by Dr. Komal Bhasin
The last year has made it increasingly evident that prioritizing mental health inclusion is more critical than ever for organizations seeking to advance their diversity, equity and inclusion (DEI) initiatives.
On the backdrop of the pandemic and with a workforce collectively dealing with the trauma of a global illness — not to mention the record numbers of burnout that continue to affect our teams — we know from research that people are experiencing heightened diminished mental health at this moment.
With World Mental Health Day quickly approaching on October 10th — and fittingly, this year’s theme of “Make Mental Health & Well-being for all a Global Priority” — as bci’s Mental Health Expert-in-Resident, I wanted to use this moment to spotlight why it’s so important to apply an intersectional lens to our mental health inclusion work, especially when it comes to racial equity.
In particular, I’m thinking of professionals of color and Indigenous professionals and our experiences with mental health inclusion in the workplace. Although the research on race/ethnoculture and mental health is at best limited, and at worse both limited and heavily flawed, we know that People of Color and those from Black, Indigenous and Latinx communities, in particular, experience poorer health overall tied back to social and structural injustices and inequities.
We also know that while diagnoses for mental illnesses appear to be similar across racial/ethnocultural groups, access to essential mental health care and the quality of the care and support that is provided substantially differs due to racial inequities. In other words, Black, Indigenous and People of Colour (BIPOC) experience more serious mental health challenges as a result of racial inequities.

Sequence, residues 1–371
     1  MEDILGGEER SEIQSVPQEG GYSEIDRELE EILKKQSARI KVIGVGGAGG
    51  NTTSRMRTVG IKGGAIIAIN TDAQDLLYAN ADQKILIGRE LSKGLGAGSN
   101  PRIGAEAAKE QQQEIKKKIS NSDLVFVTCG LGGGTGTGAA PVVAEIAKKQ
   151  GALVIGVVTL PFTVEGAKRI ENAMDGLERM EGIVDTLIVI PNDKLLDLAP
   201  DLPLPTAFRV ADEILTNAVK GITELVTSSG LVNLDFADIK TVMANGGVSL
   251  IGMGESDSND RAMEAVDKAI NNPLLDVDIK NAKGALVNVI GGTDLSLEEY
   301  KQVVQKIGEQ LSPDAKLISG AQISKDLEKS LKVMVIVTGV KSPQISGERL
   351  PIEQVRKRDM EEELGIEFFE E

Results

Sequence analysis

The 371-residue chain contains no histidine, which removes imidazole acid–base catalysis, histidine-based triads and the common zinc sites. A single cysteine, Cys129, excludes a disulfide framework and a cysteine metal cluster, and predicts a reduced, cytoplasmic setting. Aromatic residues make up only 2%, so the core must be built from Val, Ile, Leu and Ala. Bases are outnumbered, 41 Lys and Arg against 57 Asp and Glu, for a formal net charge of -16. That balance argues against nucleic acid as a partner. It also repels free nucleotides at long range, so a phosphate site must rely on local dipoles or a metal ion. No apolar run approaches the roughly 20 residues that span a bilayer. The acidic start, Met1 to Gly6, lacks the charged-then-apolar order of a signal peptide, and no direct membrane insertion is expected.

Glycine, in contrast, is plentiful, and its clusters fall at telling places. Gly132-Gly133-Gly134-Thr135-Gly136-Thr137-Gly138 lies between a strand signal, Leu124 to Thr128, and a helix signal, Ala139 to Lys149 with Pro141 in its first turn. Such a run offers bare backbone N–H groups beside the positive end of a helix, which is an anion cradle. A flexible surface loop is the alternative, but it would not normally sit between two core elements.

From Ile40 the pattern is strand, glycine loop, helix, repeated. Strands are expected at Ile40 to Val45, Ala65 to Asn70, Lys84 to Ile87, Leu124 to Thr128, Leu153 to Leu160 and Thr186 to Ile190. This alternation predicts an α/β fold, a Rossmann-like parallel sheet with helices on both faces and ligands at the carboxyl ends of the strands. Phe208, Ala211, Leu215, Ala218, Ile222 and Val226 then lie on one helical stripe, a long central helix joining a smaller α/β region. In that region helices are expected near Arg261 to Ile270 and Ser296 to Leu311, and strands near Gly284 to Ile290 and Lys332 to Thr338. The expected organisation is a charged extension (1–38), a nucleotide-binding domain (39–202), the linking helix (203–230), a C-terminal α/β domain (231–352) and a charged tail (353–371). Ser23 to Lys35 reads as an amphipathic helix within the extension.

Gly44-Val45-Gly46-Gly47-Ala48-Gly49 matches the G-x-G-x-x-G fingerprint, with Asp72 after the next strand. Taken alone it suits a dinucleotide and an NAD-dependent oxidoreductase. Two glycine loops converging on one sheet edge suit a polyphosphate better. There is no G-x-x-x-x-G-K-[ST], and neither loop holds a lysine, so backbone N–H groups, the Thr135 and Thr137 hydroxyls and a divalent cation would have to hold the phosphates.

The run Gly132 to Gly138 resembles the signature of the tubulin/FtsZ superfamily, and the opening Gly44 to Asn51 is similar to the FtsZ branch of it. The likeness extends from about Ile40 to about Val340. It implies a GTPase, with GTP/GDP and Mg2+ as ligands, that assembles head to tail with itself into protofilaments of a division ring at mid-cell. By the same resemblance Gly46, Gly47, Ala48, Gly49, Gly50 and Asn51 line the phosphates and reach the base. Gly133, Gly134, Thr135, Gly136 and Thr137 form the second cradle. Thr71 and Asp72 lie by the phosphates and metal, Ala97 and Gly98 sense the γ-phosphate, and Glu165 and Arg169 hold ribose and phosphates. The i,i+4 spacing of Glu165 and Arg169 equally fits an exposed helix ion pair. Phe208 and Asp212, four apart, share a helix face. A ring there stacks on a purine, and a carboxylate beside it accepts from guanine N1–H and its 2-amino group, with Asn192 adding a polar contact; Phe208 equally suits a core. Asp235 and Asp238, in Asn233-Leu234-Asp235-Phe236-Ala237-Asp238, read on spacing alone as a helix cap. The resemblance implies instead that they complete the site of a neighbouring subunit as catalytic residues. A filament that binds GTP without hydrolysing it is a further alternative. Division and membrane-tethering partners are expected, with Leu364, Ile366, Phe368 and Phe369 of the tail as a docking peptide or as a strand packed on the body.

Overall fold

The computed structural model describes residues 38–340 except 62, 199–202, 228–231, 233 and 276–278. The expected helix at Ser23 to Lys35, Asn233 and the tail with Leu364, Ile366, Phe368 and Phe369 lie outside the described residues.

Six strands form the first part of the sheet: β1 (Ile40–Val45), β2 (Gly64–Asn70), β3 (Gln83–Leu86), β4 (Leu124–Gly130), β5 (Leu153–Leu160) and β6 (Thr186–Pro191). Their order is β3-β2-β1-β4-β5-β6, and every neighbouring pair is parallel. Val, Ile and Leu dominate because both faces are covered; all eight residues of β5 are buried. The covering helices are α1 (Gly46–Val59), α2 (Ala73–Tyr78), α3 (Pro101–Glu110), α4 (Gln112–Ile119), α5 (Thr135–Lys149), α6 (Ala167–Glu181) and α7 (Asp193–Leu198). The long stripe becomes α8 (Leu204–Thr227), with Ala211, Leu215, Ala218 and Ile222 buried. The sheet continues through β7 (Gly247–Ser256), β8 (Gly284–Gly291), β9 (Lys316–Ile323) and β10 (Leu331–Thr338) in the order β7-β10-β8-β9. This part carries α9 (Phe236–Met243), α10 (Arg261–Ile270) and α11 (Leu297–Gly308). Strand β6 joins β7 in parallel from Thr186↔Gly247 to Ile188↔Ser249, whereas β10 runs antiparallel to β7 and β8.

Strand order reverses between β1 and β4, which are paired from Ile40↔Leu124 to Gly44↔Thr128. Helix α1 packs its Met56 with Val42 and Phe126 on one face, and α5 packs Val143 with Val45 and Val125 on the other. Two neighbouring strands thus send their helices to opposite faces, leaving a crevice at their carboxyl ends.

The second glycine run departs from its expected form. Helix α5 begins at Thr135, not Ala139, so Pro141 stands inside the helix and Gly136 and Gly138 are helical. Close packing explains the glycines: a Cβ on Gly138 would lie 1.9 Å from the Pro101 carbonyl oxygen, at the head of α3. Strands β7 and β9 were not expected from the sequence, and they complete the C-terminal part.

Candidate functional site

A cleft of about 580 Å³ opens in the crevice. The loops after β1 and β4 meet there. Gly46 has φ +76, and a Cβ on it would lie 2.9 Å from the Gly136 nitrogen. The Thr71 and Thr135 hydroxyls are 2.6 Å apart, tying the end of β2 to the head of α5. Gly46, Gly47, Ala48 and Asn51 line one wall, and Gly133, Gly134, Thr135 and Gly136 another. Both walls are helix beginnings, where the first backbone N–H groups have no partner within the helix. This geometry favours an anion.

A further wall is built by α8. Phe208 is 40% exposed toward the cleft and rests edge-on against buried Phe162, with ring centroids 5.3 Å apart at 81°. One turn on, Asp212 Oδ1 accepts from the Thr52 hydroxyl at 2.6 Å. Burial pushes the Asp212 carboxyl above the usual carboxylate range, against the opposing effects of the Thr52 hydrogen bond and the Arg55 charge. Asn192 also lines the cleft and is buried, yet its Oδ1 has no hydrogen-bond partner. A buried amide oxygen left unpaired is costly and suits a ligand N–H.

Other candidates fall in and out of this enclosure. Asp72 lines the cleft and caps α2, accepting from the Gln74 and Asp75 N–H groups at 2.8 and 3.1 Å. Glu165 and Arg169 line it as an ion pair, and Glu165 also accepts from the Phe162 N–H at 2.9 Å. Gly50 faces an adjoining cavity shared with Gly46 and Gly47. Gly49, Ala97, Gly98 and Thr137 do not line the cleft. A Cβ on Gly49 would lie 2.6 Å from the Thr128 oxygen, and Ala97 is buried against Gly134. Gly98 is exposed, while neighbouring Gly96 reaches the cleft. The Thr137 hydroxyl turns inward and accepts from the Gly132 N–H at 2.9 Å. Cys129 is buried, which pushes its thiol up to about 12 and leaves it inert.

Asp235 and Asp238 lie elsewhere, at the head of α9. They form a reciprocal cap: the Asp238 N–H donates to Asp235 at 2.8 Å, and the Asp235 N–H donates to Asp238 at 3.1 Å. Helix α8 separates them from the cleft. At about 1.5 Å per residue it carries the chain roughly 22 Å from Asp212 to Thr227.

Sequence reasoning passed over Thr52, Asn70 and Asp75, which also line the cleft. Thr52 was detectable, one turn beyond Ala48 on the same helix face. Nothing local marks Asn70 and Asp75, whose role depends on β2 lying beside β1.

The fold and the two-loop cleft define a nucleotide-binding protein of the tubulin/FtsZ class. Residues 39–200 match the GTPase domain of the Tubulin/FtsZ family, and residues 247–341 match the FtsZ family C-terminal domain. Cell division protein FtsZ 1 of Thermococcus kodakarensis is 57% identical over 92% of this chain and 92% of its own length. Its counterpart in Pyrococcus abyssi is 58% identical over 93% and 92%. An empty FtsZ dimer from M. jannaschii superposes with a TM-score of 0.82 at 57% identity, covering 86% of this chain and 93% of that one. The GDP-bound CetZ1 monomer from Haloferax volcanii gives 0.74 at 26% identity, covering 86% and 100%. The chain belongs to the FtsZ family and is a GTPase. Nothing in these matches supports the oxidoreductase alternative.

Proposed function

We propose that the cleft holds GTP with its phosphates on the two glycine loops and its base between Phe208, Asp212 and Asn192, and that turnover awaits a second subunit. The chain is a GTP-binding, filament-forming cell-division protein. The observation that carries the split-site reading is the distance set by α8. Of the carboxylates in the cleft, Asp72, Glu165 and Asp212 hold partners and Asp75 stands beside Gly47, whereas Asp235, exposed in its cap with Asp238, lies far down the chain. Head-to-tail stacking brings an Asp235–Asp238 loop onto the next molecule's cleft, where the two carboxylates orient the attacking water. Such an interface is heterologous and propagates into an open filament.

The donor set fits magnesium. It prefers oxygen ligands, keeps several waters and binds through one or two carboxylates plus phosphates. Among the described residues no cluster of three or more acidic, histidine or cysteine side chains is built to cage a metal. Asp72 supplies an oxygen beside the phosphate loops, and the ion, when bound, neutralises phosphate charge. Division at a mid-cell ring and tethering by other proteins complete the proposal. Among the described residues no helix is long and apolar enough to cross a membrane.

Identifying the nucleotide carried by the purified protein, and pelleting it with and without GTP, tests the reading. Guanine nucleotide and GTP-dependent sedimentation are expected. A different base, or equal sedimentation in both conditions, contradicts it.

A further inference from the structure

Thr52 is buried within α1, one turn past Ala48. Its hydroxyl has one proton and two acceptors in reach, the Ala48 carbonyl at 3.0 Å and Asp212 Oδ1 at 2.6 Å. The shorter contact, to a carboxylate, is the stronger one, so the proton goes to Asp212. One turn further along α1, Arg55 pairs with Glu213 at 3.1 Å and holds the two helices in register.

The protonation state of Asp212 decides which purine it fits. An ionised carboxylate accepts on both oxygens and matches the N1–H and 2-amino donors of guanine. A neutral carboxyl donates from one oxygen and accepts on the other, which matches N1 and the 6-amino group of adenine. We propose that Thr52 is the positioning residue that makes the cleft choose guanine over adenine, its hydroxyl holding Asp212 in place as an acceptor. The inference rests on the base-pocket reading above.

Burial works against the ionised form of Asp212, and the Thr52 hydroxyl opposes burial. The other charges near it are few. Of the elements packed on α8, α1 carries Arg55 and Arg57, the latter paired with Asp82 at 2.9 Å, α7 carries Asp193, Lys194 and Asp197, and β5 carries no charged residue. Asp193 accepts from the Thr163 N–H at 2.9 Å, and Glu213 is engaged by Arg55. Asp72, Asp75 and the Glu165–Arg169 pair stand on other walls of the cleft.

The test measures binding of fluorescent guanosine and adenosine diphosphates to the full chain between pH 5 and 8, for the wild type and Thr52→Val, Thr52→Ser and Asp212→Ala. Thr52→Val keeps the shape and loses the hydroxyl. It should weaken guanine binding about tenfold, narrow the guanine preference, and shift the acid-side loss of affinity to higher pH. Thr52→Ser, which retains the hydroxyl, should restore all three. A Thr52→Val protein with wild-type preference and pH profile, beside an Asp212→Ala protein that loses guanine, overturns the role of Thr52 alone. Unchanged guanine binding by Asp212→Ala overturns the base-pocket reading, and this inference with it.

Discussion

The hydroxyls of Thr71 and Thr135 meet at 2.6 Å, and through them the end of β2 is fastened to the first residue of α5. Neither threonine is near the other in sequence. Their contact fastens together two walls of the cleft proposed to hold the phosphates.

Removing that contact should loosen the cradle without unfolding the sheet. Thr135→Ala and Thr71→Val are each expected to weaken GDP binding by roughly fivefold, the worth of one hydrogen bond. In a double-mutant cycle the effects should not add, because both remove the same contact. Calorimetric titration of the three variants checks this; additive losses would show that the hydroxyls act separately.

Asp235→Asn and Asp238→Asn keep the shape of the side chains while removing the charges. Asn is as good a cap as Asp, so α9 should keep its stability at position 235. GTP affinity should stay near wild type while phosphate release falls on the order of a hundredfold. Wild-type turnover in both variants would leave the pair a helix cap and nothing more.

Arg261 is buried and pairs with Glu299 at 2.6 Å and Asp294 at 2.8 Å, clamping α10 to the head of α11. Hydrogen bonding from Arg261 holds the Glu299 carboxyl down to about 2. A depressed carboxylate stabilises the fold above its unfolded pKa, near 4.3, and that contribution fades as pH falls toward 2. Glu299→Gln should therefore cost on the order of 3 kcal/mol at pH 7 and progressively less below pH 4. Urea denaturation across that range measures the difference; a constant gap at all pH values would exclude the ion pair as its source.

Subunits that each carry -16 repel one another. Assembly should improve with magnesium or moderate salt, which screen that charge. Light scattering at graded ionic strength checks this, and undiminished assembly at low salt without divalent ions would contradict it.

As you can see, our cultural identities can have a major impact on our experiences with mental health in the workplace.
Given this, here are three ways for leaders to ensure that their workplace mental health inclusion efforts also address racial inequities.
1. Bias Disruption
Organizations must continue to focus on disrupting biases around mental health and starting meaningful and inclusive conversations around mental health, and in particular, BIPOC mental health. To help you with this, bci has 3 tip sheets to help you identify your biases, understand how bias affects you and shield against bias when it comes your way.
2. Center Racial Equity in Mental Health Conversations
Organizations must focus on centering racial equity and BIPOC mental health in any broader discourses about mental health inclusion. In other words, we must move beyond lip service and viewing the mental health of BIPOC professionals as an individual experience and instead focus on understanding that BIPOC mental health must be viewed in a broader societal and intersectional context. To make this happen, leaders need to understand more about racial inclusion. bci’s playlists about understanding race and racism and healing from racial trauma can help with this.
3. Prioritize Mental Health Inclusion Work at the Systemic Level